This week marked the three-year anniversary of India’s being polio-free. Once viewed as one of the biggest challenges in polio eradication, significant improvements in public health, education and vaccination programs have helped India reach this developmental milestone.
A densely populated country of more than one billion people, India was considered one of the toughest places to tackle the polio endemic. In 2009, India reported 741 polio cases, comprising nearly half of the world’s polio cases. Two years after this peak level, India saw its last reported case of wild polio on January 13, 2011.
To combat this endemic, India has made vast improvements to its infrastructure, which has advanced public health measures beyond polio eradication. These changes allowed India’s poorest and most rural populations access to vaccinations. Innovative approaches were taken, such as targeting families on trains and accessing the vast rural area of India by foot to deliver vaccinations. They are now being used to tackle other diseases through immunization, such as measles.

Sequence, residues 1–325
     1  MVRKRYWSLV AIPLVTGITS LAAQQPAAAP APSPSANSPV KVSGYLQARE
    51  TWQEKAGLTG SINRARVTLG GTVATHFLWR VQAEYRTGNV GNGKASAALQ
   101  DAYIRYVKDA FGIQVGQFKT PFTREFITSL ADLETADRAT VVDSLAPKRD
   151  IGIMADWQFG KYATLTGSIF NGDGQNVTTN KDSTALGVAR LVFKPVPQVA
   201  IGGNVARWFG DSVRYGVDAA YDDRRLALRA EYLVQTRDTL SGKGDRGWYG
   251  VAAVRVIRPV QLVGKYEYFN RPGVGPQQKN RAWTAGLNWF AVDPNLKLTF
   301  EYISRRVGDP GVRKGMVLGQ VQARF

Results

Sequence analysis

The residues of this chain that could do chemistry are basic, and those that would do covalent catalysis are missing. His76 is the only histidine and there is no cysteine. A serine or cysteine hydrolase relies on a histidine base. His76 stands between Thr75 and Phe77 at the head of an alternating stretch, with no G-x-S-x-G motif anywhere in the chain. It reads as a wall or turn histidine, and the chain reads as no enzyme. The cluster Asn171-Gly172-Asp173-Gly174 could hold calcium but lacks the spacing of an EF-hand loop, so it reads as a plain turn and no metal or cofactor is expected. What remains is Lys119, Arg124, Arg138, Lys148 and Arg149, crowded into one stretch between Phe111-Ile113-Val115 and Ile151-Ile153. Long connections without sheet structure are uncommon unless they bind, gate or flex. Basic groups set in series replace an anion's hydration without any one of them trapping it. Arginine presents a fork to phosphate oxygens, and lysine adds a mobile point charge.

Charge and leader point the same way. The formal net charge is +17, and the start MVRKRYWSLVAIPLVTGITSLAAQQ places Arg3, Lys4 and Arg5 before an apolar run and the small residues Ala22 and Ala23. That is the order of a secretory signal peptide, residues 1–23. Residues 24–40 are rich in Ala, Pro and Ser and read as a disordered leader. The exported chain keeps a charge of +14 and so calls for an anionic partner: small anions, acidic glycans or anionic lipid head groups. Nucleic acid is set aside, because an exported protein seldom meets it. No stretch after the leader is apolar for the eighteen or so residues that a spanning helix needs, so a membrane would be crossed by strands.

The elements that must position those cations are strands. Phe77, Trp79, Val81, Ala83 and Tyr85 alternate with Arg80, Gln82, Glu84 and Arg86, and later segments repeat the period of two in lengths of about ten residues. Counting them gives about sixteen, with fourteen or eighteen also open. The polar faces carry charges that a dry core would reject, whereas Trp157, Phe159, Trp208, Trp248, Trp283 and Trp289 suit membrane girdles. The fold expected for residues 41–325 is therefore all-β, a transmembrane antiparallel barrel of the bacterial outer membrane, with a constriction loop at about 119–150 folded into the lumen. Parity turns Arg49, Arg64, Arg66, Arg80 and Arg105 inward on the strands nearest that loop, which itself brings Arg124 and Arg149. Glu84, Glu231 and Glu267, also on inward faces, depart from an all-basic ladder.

The polio eradication efforts also used social mobilizers to educate people on the subject, working with religious leaders to reach parents, specifically targeting the importance for children’s health. Today, they are using these education techniques in counseling pregnant women on breastfeeding and providing newborns with necessary immunizations.
A National Immunization Day has been implemented for further awareness and progress. Each day consists of vaccine doses, vaccinators, vaccine carriers, and supervisors and hundreds of thousands of people mobilizing worldwide to eradicate polio completely by 2018. Past cases provide proof that as long as polio exists, it remains a threat everywhere. A success story, India continues to build its own immunization campaign. Giving hope and providing successful measures to eradicate polio to the three remaining polio-endemic countries: Pakistan, Nigeria and Afghanistan.
– Maris Brummel
Sources: Polio Eradication, UNICEF, Polio Eradication
Photo: India Ink